If you are anything like us then one of the first things you think about when you get to a new place is where to get the best coffee. In fact this is just about our favorite part of any holiday; to scope out the local coffee scene and find the hidden gems.
However, this worthwhile pursuit becomes a little more complicated when your travels bring you to non English speaking countries. You still need that hit of caffeine but language simply can be an impassable barrier. And this is a real pity because coffee flavours, techniques, and experiences differ widely from country to country.
Well here at The Coffee Folk we have got you covered. Here is how to order a coffee in five popular languages.
Coffee in Spanish
How do you say coffee in Spanish: Café
It won’t surprise you that Spanish people love their coffee. Spanish people typically have a coffee first thing in the morning with breakfast (Desayuno). They also often have coffee at the Almuerzo break around 11am, at lunchtime (Comida), and after dinner (Cena). So needless to say they love their coffee! Also it is worth being aware that a coffee shop in Spanish is called a cafetería.
So if you find yourself in a Spanish speaking country how do you order that cup of Joe?
Types of Coffee in Spanish
Coffee in German
How do you say Coffee in German: Kaffee
Germany has a rich relationship with coffee and in particular with filter coffee. In fact, strictly speaking, they created it as the German inventor Melitta Bentz invented paper coffee filters in 1908. One striking difference the American or British traveller will notice is that in Germany cafe’s tend to look and operate like bars and also sell beer.
The other place you can typically get an okay cup of coffee in Germany is in the bakeries (Bäckerei) that you find everywhere. It is worth noting that as a general trend Germans tend to prefer lighter roasts rather than dark roasts. Also don’t forget to add bitte to whatever you order as this is how you say please in German and manners never go astray.
Types of Coffee in German
Coffee in Japanese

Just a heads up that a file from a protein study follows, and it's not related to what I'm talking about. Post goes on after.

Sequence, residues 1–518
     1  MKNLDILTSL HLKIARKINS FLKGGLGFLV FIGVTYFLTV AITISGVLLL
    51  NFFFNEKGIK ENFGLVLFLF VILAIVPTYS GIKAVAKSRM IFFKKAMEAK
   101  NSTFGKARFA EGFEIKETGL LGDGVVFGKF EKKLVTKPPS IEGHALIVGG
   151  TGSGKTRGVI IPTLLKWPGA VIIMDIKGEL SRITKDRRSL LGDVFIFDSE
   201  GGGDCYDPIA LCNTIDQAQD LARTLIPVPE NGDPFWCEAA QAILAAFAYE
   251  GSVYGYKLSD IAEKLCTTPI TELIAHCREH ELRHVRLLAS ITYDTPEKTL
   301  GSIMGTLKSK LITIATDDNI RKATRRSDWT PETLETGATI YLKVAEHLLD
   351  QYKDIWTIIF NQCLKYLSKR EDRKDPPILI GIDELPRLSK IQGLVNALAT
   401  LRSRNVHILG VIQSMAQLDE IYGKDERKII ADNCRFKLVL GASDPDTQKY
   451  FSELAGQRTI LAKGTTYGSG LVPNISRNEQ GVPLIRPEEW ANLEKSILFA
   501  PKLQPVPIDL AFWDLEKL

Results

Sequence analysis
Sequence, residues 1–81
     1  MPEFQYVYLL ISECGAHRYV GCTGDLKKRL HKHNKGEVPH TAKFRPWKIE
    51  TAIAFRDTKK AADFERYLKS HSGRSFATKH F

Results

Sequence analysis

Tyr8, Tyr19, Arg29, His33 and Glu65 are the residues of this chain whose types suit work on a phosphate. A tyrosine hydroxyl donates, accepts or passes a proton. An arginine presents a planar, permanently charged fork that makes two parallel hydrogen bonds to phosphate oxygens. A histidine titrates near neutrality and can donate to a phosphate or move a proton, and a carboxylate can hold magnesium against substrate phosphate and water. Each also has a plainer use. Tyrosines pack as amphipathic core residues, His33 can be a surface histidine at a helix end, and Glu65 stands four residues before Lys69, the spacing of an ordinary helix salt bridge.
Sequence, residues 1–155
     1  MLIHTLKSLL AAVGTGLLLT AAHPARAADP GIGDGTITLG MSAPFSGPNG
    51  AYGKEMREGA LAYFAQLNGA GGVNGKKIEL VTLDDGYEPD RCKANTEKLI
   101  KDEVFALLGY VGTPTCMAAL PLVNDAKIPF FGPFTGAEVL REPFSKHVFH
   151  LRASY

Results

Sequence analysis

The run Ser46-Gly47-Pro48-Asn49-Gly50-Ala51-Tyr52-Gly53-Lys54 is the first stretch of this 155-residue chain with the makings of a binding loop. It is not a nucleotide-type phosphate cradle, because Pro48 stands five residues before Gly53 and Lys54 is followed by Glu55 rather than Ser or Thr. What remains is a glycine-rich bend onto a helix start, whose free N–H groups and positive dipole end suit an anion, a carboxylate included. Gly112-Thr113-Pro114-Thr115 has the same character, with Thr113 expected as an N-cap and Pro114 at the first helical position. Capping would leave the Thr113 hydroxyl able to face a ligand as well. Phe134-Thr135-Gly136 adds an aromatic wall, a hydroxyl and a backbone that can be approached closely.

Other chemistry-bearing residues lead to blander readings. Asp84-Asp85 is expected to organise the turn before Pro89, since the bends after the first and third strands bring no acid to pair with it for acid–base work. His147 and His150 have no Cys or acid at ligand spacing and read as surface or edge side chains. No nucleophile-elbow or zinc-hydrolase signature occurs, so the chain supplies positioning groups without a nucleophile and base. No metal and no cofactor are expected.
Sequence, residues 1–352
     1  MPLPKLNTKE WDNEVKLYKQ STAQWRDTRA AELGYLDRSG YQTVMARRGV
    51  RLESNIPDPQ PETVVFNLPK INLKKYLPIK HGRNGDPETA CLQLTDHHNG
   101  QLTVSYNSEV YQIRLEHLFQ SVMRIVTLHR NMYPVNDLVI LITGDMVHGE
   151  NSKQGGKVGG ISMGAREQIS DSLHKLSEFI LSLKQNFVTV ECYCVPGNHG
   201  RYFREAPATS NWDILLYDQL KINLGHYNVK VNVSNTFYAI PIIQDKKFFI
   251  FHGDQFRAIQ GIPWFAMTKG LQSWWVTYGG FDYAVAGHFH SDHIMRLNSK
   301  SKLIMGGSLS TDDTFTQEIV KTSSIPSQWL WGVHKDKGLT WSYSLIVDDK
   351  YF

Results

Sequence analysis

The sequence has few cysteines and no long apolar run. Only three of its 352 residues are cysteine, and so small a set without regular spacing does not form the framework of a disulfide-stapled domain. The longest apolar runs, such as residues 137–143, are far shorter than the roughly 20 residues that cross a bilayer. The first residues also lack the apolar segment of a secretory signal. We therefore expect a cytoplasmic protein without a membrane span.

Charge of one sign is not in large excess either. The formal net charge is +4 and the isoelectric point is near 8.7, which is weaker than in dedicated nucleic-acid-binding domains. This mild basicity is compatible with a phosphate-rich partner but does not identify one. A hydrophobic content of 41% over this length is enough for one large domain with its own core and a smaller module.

How do you say coffee in Japanese: コーヒー (Kōhī)
Despite their association with tea drinking Japan has some truly delicious coffees. Interestingly, especially in the past, Japanese coffee culture has been heavily connected to the identity of being foreign or western. This is in part due to the surprising fact that coffee was actually banned in Japan during the Second World War.
However, this is not to take away from their coffee culture. Japan is actually one of the largest importers of coffee in the world and now coffee has become an ordinary everyday japanese beverage. Various of their coffee companies such as Hario and Kalita are now common names in the specialty coffee world and some of their cafe’s really have been at the cutting edge of manual coffee brewing techniques.
Also interestingly while the rather unique Siphon coffee makers are just beginning to make a name in specialty coffee, this has been the primary brewing technique that Japan has adhered to. If you can manage to find a kissaten in your travels in Japan you will find some truly exceptional specialty coffee.
Types of Coffee in Japanese
How to order a coffee in Japanese: Burakku koohii o kudasai
Coffee in French
How to say coffee in French: café
France is another country where coffee culture is blooming. However there are a few differences to be aware of. For example, French Coffee is not meant to be consumed on the go, and so in many cafes there is no takeaway option. Another interesting fact is that French only tend to drink the un café crème or other milk-based coffee drinks before 11 am as they consider it a breakfast only drink. For a coffee at someone’s home in France you would typically ask for a cafe au lait.
Types of Coffee in French
How to order a coffee in French: “Bonjour. Je vais prendre un café, s’il vous plaît.”
Coffee in Italian
How to say coffee in Italian: caffè
In many ways Italy is the fatherland of coffee. It has been around in Italy since the 1500’s and many western coffee trends can be traced back to this country. Part of this heritage is that there is at least a sense in which each of Italy’s 20 regions boast their own distinctive coffee cultures. So don’t think you have tried one until you have tried all! It is also worth being aware that in Italy coffee is typically consumed al banco or at the bar in contrast to American or British cafes.
The other thing to be on the lookout for is the famed Moka Pot or Stovetop coffee maker. These really originated in Italy and can be found making strong and bitter tasting coffee in almost any Italian home. Finally, don’t ask for a latte in Italy as they will serve you up a cup of cold milk which no doubt will thoroughly ruin your holiday!
Types of Coffee in Italian
How to order a coffee in Italian: Buongiorno, un caffè per favor
Ordering Coffee Around the World
We hope this has been helpful for you in this integral aspect of any holiday! Wherever you go, try the local coffee, be adventurous and who knows what experiences you will find. A final helpful tip is that if you are a coffee snob (I say that as a compliment rather than an insult), a fairly safe general approach is to simply type into google best coffee or best specialty coffee in … and then use a bit of discernment.